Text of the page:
Bo visiting Steve Everitt in 2003 [courtesy of Amy Everitt via]
Oh you think you’ve got the whole Bacon collection do you? Your Bacon shelf has the Bo one, the Rich Rod one, the aww poor Urban can’t get the pwiddy widdle Borens to like him one, the Cirque one, and a first edition of Brandon’s Lasting Lessons from when it was still called Endzone. You’ve even got that hockey one from back in the day, the Saunders one, and the more recent one where they blew up Halifax during WWI and Michigan (spoiler alert) got a hockey program.
You don’t have it. Bacon’s been at this writing thing longer than your favorite bloggers have been drawing breath, and before there were books there were articles for a dozen regional and national publications tracking Bo Schembechler, Gordie Howe, Ernie Harwell, and Tom Izzo, plus first-person stories about getting killed playing the U.S. Open golf course, skating in a Detroit Vipers hockey practice, and lifting in Michigan football’s weight room.
But you can have it because he put his 40 best articles in a book (and the 41st is slated to appear in ours). This best-of Bacon book is called, incidentally, Best of Bacon. He gave me first crack at an excerpt and I’ve chosen the one below.
This excerpt, “Bo’s Back Where he Belongs,” describes Bacon’s first week following Bo Schembechler, back in 1996, which led to Lasting Lessons (the Bo one).
Bacon Tour 2018: Bacon will be appearing at the Ann Arbor District Library May 11, Chicago May 23, Traverse City’s Indigo Hotel May 29, and Nicola’s Books in Ann Arbor June 12. You can find more info on johnubacon.com.
On with the shew
Bo’s Back Where He Belongs
I first met Bo Schembechler in 1975, when I was a ten-year-old kid asking for his autograph at a Michigan hockey game—so nervous I could not think of my own name. I met him again in August of 1996, when I was writing a section on Fielding Yost for a book on Michigan football. We got along, and he agreed to let me tag along for a week in October of 1996—a very generous offer, to say the least.
By mid-week, I already knew I had a great story, and called my editor at the Detroit News from a pay phone (that’ll date you) in Grand Rapids, urging him to spare all the space he could. He did, giving me 2½ pages, and the story earned national awards. When I met Bo in his office four days later, he told me, “Well, Bacon, you didn’t screw it up—and frankly I’m surprised.” In the next breath he asked if I wanted his papers—16 big boxes’ worth, with everything from correspondence to transcripts to game plans. I soon realized he had given me the raw materials for the book we would write together ten years later, my first bestseller. But it started with this story.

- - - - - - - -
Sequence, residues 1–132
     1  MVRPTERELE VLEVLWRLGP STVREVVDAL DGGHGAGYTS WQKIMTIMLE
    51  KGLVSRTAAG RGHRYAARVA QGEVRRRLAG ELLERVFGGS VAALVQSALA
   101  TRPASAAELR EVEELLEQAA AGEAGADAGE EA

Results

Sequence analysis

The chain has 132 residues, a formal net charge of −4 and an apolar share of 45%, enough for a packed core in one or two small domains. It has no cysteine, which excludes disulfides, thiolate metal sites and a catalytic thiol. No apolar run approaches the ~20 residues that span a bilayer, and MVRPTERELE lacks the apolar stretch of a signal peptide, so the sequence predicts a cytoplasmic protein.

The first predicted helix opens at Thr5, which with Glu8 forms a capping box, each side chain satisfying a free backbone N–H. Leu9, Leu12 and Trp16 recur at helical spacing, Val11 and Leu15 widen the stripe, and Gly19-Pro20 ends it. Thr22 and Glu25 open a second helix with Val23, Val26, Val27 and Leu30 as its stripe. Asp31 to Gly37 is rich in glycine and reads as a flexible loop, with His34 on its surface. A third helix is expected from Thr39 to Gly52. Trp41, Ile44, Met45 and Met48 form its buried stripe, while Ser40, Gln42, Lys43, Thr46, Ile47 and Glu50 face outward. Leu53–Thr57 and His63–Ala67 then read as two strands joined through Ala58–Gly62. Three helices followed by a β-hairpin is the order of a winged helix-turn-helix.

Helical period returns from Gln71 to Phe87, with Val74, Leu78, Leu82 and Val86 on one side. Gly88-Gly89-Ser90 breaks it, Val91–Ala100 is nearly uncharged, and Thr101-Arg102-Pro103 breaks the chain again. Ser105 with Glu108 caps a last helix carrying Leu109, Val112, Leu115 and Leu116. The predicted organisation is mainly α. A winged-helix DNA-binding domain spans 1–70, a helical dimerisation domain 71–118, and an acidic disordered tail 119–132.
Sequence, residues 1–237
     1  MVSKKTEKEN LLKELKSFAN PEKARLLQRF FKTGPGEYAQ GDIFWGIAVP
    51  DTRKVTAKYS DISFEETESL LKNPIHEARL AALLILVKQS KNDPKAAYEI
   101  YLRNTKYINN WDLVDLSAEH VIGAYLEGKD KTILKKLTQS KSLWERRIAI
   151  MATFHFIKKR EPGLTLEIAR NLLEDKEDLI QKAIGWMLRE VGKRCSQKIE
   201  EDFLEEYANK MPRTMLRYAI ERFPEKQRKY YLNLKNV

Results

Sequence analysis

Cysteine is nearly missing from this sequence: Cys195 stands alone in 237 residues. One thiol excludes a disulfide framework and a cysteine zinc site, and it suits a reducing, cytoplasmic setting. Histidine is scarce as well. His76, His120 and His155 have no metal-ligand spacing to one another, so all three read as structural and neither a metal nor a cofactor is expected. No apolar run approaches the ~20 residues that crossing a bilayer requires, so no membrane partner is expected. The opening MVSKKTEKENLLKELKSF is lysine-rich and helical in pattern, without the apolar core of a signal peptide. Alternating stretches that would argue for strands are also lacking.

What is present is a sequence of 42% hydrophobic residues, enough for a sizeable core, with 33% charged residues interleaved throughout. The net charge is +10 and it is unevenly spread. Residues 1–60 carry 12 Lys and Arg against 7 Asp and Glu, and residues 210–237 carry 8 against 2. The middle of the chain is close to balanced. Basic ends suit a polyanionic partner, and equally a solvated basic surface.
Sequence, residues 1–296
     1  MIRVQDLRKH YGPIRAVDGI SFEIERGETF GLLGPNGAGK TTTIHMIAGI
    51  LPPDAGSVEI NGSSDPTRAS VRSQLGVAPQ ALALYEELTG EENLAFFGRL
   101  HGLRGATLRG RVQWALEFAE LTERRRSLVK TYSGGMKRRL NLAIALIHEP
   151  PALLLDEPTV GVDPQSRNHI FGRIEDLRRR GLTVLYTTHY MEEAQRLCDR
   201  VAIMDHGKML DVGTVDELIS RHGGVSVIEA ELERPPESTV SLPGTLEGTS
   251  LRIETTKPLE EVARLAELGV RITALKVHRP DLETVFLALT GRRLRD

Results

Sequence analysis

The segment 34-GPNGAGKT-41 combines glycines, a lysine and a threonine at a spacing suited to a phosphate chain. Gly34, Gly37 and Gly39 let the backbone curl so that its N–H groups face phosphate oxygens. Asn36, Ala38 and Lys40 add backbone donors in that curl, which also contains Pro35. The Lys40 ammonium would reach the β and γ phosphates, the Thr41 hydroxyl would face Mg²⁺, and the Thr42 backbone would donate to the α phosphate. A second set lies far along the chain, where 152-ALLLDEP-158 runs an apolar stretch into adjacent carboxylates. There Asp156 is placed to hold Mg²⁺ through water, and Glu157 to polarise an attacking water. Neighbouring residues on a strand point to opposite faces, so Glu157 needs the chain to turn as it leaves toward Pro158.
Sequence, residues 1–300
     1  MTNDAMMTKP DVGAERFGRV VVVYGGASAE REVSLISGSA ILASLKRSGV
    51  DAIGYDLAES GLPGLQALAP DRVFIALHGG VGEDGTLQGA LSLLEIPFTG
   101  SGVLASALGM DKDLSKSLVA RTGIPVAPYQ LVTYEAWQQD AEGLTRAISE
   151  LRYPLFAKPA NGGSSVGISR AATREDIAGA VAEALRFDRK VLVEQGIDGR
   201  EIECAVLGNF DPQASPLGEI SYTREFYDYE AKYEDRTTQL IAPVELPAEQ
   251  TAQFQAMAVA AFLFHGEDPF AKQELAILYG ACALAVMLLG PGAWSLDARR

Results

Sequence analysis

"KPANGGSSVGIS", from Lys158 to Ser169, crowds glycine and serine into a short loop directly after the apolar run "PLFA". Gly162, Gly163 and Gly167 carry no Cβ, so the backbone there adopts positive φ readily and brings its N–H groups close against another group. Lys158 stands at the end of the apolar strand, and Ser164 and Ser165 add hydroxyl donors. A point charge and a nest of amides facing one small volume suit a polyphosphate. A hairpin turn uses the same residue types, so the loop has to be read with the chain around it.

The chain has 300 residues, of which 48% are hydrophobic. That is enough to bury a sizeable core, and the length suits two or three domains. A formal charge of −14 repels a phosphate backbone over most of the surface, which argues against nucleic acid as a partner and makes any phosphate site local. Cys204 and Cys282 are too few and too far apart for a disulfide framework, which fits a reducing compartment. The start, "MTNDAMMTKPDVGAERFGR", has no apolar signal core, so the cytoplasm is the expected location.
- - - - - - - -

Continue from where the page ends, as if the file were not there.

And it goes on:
[the article AFTER THE JUMP]
November 3, 1996
The Detroit News
The last time Bo Schembechler ’s name was at the top of the sports page, he was at the bottom of his life. Tom Monaghan had just fired him as president of the Detroit Tigers, and Bo’s wife Millie was dying of adrenal cancer. According to Lynn Koch, Schembechler ’s secretary of twenty-seven years, “Bo was just devastated.”
Four years later, the Millie Schembechler Foundation has raised over a third of the $3 million necessary to establish an adrenal cancer research center at the University of Michigan Hospital. Bo is married to the former Cathy Aikens, who’s got him eating right, exercising regularly, and dressing like a Ralph Lauren model. He’s incredibly busy raising money for the Foundation, helping his former players any way he can, giving speeches around the country, and simply enjoying the fruits of his labor.
In short: Bo is back.
In early 1990 Schembechler retired as Michigan’s all-time winningest football coach, with a record of 194–48–5. At the same time, he stepped down as U-M’s athletic director and became president of the Tigers. Two years later the Tigers’ organization had unraveled, with Schembechler serving as the fall guy for the decision to fire Ernie Harwell and the lightning rod for those protesting a new stadium.